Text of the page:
Recent news reports have emerged of a North Korean defector who alleges that Kim Jong-un tested chemical and biological weapons on his own people. The defector, whom we know only as “Mr. Lee,” says he has the evidence on a storage device that he will present to the European Parliament in the next few weeks. “Mr. Lee” is not the first to come forward in an attempt to expose the Kim regime’s unethical weapons testing on humans. Over the years, there have been several accounts of Kim’s testing on the disabled, including children.
Does this sound familiar? Inhumane testing of chemical and biological weapons on the innocent and disabled? It should. It’s what Adolf Hitler did during World War II. If this seems like a radical assertion, well, it’s not. During WWII, many (including some in the United States) did not believe—and really could not fathom, as it was so atrocious and then unprecedented—that Hitler was committing such heinous and gruesome crimes in the concentration camps. How many more defectors are going to need to come forward before we take these allegations seriously, and do something to intervene? After all, defectors like “Mr. Lee” are not pleading with Beijing to come help them out, they are making a run for the EU to plead for help.
In addition to testing such devastating weapons on his own people, Kim has some of the traits of another brutal, authoritative leader: Joseph Stalin. Kim’s leadership purges are textbook-Stalin. In fact, Stalin was so paranoid about his own commanders, it is said that the former Soviet leader did not like it when his subordinates stood behind him in a room; he wanted to be able to see them all at all times, in front of him. Kim suffers from a similar paranoia—one that leads him to mistrust everyone close to him, including his own family members, and so he kills them off preemptively to avoid being overthrown.
So what can the international community do? Well, for starters, we should not ignore or fluff off reports of Kim’s chemical and biological weapons testing.
North Korea’s increasing nuclear weapons tests should also be cause for concern. As Tom Nichols has asserted, the fact that we cannot be sure who really runs the weapons show in a rogue state such as North Korea makes it difficult to negotiate with it. Secondly, if North Korea is conducting more nuclear weapons tests and indeed testing biological and chemical weapons, its arsenal would be greatly enhanced.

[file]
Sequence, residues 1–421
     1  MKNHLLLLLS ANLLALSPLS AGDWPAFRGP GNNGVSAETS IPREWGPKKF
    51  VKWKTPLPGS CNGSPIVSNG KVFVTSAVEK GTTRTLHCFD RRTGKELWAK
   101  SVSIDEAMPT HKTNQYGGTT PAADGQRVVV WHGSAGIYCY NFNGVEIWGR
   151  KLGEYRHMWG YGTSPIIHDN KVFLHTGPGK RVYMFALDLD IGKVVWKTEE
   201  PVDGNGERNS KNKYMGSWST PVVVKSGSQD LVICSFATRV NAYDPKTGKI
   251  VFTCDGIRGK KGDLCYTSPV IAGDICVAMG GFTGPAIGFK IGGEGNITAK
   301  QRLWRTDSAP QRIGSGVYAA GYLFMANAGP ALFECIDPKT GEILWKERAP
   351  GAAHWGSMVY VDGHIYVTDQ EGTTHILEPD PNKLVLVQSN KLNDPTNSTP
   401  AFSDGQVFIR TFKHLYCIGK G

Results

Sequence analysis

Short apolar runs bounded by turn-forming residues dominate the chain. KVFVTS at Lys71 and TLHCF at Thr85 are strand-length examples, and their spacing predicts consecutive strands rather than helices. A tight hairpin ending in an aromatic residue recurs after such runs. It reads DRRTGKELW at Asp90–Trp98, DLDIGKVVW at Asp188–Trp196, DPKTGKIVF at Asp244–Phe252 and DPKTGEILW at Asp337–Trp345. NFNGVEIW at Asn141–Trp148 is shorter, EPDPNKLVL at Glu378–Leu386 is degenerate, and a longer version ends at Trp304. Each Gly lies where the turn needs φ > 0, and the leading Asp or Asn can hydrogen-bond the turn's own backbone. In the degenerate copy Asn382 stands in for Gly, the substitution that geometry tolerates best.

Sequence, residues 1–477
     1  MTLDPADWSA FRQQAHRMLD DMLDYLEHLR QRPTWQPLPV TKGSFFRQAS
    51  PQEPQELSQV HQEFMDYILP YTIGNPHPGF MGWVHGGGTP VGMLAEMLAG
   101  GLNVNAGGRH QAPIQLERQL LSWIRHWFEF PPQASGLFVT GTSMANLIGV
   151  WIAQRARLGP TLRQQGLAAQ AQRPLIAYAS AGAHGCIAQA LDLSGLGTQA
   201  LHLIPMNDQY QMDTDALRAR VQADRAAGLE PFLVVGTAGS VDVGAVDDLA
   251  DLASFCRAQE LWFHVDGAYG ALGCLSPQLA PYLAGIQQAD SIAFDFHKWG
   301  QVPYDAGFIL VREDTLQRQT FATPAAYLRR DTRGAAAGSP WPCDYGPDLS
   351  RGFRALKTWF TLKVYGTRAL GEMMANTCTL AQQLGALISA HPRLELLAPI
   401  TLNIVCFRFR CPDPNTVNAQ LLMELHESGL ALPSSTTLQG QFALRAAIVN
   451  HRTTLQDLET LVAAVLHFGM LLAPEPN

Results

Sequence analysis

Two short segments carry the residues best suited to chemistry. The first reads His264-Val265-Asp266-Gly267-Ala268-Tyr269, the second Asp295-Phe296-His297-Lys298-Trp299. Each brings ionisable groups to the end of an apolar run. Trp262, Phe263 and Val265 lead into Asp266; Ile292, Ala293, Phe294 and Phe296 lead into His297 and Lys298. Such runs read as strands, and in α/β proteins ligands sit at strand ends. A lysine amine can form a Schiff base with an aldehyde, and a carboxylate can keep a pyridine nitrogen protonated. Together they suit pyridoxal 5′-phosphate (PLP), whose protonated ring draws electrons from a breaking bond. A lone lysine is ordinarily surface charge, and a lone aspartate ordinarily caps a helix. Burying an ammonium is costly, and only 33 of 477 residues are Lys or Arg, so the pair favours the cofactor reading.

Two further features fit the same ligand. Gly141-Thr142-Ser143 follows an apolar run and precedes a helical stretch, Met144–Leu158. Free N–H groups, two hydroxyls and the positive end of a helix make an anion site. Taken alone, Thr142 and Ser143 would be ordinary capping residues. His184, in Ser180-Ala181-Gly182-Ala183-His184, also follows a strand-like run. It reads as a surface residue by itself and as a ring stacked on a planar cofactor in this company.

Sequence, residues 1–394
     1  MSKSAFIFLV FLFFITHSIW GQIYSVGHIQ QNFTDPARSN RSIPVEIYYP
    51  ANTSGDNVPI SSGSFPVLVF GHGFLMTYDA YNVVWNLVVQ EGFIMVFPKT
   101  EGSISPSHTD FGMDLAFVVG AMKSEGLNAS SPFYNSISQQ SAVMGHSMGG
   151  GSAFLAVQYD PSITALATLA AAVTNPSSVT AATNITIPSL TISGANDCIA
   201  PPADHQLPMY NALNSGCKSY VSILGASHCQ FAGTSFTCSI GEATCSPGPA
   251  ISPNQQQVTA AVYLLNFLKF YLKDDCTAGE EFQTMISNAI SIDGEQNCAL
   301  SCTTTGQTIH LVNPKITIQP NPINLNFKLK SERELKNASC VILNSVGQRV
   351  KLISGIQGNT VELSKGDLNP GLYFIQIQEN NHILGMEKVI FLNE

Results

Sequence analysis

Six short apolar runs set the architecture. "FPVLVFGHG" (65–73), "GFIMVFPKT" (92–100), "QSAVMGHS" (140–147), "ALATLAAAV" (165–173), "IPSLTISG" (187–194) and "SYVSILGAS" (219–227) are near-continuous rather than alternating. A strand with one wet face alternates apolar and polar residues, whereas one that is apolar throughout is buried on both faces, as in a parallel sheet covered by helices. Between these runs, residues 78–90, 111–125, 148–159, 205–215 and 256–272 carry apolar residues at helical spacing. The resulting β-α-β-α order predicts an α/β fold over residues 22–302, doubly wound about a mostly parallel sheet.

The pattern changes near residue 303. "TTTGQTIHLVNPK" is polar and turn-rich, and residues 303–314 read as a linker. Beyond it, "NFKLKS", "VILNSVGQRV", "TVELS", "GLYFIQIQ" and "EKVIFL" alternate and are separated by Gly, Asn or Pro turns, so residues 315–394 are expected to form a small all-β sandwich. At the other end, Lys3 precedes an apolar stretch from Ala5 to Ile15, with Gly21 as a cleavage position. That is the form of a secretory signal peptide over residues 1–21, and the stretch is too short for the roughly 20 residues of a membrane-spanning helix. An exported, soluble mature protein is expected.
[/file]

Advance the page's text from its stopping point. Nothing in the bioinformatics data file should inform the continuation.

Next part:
The only country that may still be able to exert influence on North Korea—China—does not seem to be enthusiastic about doing so, and is not particularly fond of the current regime. So what other options are there?
Some have called upon the United States to bring North Korea to the negotiating table and at least talk with its leaders one-on-one. And while the Six Party Talks between North Korea, the United States, Japan, China, Russia and South Korea are a good idea in theory, the conflicting national interests of all parties involved has made negotiating nearly impossible. It seems, then, that a trilateral dialogue between North Korea, the United States and China might be more effective, if for no other reason than it reduces the number of participants.
However, ideally, if we could trust China to follow through, without having to make any grand deals with Beijing as incentive, a bilateral dialogue between China and North Korea would probably be better, since North Korea doesn’t trust America or really any other Western nation for that matter, but it might still be willing to listen to China. So far, however, Pyongyang has remained intransigent. But if the Iran deal holds up, proving that “rogue states” can indeed be reasoned with, perhaps even more pressure can be exerted on North Korea as a nuclear holdout that needs to reform.
The ultimate challenge that the international community will face with regards to North Korea is how to convince the Kim regime to act better without pushing it to war. And we likely cannot do it without China. It’s unclear what strategy would be best for China to employ. Perhaps, taking a cue from Franco’s character in The Interview, Beijing could attempt to approach North Korea and say, “We are same-same...but different. But still same.” That is, China could appeal to North Korea as one “big” Asian power to another, acknowledging their different national-security interests, but asserting that both China and North Korea want a stable, safe Asia continent (regardless of how true this might be, it’s all about diplomacy) and in order to achieve that, both sides have to refrain from biological, chemical and nuclear-weapons testing.
Beijing is probably our only hope to stop Kim. Getting North Korea to play nice with everyone, including its own people, will involve getting China on board.
Rebecca M. Miller is the assistant managing editor and illustrator of the National Interest. Follow her on Twitter: @RebecMil.